LONDON ¿ Adaptive Screening Ltd. raised #500,000 in seed funding to commercialize lead discovery technologies it said will change the high-throughput screening (HTS) paradigm, reducing costs and increasing the quality and quantity of drug candidates.

The company, spun out from Imperial College London and Glasgow University, is in the process of raising #4 million to #5 million to scale up its technologies and expects to sign two or three pharmaceutical partners for joint development and equity investments before the end of the year.

The seed funding came from Generics Asset Management, the venture capital arm of the technology group Generics Group AG, which formed Adaptive and owns 32 percent of the company.

Darrin Disley, chief operating officer, told BioWorld International, ¿The HTS paradigm still predominates, and lots of the start-up drug discovery companies are in that area. We have been able to tear up that sheet of paper, and evolve [HTS] into an approach which is more efficient and targeted.¿

Adaptive has four platform technologies. The first, Adaptive arrays, involves generating multiple protein variants around a common protein structure. These arrays are then ¿trained¿ by passing over compounds with known toxicological and pharmacological effects. ¿In this way you can train the array to recognize those properties in any compound,¿ Disley said.

Compounds can be classified and ranked in terms of known toxicological and pharmacological properties. ¿Rather than finding out at the end they are unsuitable, you wouldn¿t even take them into initial screening,¿ Disley said.

Adaptive¿s second technology, Cellular arrays, is used to check for potency and functionality of the prescreened compounds. The proprietary cell-chip technology can measure functional activity against a range of cellular mechanisms implicated in cancer, central nervous system and cardiovascular indications.

The company¿s third technology platform, Lead Hunter, performs in vivo assays to check that the properties identified by the in vitro prescreening are the same in vivo. The three platforms are integrated in a software wraparound Adaptive Screening Environment, which can also interface to cheminformatics and bioinformatics databases upstream, and to clinical trial and single nucleotide polymorphism databases downstream.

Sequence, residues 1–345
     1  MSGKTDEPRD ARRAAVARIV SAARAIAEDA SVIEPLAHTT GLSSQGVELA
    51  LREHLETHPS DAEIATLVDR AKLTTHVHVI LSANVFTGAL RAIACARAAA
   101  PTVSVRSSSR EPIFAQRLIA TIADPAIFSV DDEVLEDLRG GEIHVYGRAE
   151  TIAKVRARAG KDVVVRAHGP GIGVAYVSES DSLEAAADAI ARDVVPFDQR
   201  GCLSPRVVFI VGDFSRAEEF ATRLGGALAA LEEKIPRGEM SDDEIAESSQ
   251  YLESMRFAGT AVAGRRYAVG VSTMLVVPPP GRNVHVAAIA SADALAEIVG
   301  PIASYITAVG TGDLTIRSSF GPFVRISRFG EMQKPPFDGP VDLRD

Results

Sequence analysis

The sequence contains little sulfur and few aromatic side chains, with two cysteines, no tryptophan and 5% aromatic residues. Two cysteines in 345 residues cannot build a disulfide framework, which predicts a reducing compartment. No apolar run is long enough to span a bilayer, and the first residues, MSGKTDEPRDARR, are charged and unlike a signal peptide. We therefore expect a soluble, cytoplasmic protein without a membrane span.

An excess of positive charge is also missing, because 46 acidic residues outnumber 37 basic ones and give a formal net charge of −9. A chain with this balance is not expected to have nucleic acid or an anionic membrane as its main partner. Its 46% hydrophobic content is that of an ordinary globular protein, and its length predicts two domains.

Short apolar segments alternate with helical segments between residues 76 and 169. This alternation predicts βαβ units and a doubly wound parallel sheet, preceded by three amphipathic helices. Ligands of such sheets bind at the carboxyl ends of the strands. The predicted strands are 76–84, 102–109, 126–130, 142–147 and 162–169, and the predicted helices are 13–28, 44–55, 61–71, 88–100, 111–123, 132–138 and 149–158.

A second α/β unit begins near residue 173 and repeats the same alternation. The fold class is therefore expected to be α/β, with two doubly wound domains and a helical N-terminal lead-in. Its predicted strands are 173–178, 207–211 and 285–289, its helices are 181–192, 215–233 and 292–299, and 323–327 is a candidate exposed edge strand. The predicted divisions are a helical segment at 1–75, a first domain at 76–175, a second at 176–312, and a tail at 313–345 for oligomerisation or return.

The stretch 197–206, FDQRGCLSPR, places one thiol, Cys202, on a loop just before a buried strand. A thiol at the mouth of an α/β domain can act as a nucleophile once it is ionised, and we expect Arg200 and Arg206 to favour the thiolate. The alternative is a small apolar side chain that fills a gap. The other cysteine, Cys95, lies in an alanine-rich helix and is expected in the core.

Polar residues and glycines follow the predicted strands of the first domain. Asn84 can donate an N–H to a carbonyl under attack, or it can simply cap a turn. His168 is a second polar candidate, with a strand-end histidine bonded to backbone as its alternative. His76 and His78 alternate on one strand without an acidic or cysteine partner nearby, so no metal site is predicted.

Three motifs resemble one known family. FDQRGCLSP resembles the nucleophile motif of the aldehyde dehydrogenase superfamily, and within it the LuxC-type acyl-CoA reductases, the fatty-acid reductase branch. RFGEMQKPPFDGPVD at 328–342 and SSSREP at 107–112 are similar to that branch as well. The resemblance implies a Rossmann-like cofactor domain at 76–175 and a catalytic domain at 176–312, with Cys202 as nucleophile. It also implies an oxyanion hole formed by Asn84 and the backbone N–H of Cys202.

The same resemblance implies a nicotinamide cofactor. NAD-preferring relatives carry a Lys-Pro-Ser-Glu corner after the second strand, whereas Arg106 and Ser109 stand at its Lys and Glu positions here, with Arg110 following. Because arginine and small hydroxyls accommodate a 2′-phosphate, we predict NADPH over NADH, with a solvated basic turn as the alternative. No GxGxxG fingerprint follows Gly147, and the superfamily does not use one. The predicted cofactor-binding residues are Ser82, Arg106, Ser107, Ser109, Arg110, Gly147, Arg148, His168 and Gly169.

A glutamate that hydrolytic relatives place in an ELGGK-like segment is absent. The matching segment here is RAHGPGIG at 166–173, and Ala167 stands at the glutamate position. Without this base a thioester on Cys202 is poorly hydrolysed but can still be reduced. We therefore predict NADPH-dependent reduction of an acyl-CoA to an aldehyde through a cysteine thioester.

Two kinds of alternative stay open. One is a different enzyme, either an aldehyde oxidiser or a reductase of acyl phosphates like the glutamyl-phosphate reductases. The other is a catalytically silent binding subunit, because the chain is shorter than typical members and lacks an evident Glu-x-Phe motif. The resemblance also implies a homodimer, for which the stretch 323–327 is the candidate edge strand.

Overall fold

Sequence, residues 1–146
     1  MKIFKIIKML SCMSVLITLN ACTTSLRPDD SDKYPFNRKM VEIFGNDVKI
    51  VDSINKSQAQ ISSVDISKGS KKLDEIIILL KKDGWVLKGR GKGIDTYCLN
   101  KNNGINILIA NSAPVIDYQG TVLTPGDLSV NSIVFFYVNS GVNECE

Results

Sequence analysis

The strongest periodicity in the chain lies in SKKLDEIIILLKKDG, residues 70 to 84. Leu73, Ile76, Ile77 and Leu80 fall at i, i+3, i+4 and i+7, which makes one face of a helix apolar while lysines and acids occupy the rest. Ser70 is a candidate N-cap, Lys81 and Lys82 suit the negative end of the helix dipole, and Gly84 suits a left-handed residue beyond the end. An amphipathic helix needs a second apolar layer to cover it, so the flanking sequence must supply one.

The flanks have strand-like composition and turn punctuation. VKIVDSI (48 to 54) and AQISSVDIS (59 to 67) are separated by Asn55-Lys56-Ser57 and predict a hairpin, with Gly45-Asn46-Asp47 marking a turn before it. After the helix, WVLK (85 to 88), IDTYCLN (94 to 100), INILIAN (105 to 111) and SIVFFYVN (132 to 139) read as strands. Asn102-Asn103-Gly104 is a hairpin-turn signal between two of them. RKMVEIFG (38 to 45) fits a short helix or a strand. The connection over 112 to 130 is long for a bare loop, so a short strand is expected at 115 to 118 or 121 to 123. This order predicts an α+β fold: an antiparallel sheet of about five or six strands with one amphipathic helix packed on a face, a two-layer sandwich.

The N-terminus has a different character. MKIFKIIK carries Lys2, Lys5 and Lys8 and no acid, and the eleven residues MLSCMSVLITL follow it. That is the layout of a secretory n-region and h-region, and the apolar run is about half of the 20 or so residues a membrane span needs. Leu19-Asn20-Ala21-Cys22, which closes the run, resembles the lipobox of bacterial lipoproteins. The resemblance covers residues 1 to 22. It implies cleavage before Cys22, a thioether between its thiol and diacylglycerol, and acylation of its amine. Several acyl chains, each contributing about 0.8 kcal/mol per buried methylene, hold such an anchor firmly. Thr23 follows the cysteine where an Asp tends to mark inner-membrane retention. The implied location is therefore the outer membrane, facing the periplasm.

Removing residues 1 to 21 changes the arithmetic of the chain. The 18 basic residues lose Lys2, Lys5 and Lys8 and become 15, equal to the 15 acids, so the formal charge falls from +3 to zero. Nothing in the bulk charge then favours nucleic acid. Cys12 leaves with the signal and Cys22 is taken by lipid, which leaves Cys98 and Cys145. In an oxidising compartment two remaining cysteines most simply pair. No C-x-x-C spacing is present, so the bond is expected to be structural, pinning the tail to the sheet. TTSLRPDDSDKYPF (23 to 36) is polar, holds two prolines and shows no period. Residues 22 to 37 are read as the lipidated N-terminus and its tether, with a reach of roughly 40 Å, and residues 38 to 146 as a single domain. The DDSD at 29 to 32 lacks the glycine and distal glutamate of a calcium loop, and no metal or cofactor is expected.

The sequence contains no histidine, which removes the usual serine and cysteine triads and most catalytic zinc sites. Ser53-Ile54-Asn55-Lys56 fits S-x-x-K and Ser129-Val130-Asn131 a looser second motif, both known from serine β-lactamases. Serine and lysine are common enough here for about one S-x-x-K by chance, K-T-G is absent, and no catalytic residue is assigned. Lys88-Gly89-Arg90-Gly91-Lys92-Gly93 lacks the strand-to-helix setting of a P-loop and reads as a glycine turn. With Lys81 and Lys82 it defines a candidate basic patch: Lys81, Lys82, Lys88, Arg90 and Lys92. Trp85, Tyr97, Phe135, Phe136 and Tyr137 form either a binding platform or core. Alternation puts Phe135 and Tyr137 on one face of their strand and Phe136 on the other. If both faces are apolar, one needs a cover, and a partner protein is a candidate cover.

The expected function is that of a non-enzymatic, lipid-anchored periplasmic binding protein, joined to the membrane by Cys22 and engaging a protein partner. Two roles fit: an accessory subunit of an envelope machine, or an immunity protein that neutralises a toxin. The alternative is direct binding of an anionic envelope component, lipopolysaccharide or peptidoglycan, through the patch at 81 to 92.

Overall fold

Disley said that Adaptive¿s technologies will reduce lead discovery times while increasing the quality and quantity of leads.

¿Currently, lead discovery is an empirical process in which millions of compounds are screened. Those that don¿t fit are put back into the bank, and when the next target comes along they bring them all out again.¿

With Adaptive¿s techniques the broad properties of every compound will be known, allowing screening to move from a random to a more targeted approach. ¿Developing stable, functional assays to put into HTS systems is currently a bottleneck,¿ Disley said. ¿With our system you can see from the profile if compounds are suitable for screening against a particular target.¿

Adaptive intends to provide high-value services to a few customers, rather than marketing its services generally. ¿We will partner with two to three companies, offering exclusivity in particular therapeutic areas,¿ said Disley. He is in talks with two major pharmaceutical companies about equity investment and co-development agreements. He also intends to develop an in-house portfolio in CNS, oncology and cardiovascular diseases, and will partner any compounds for development.

Adaptive currently is operating out of Generics¿ headquarters in Cambridge, but with the funding it will move to its own facility in the Cambridge area. The money also will enable the company to scale up its technologies. The first round funding will last 12 to 18 months, and Disley plans to raise a further #10 million to #15 million in the following two years to see Adaptive through to break-even.

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